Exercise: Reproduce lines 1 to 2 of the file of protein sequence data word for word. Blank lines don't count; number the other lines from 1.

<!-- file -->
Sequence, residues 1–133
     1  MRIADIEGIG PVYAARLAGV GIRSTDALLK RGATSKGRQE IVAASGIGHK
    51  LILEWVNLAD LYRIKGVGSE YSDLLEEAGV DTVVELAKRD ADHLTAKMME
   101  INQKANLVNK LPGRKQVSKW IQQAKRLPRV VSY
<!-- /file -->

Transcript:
Sequence, residues 1–133
     1  MRIADIEGIG PVYAARLAGV GIRSTDALLK RGATSKGRQE IVAASGIGHK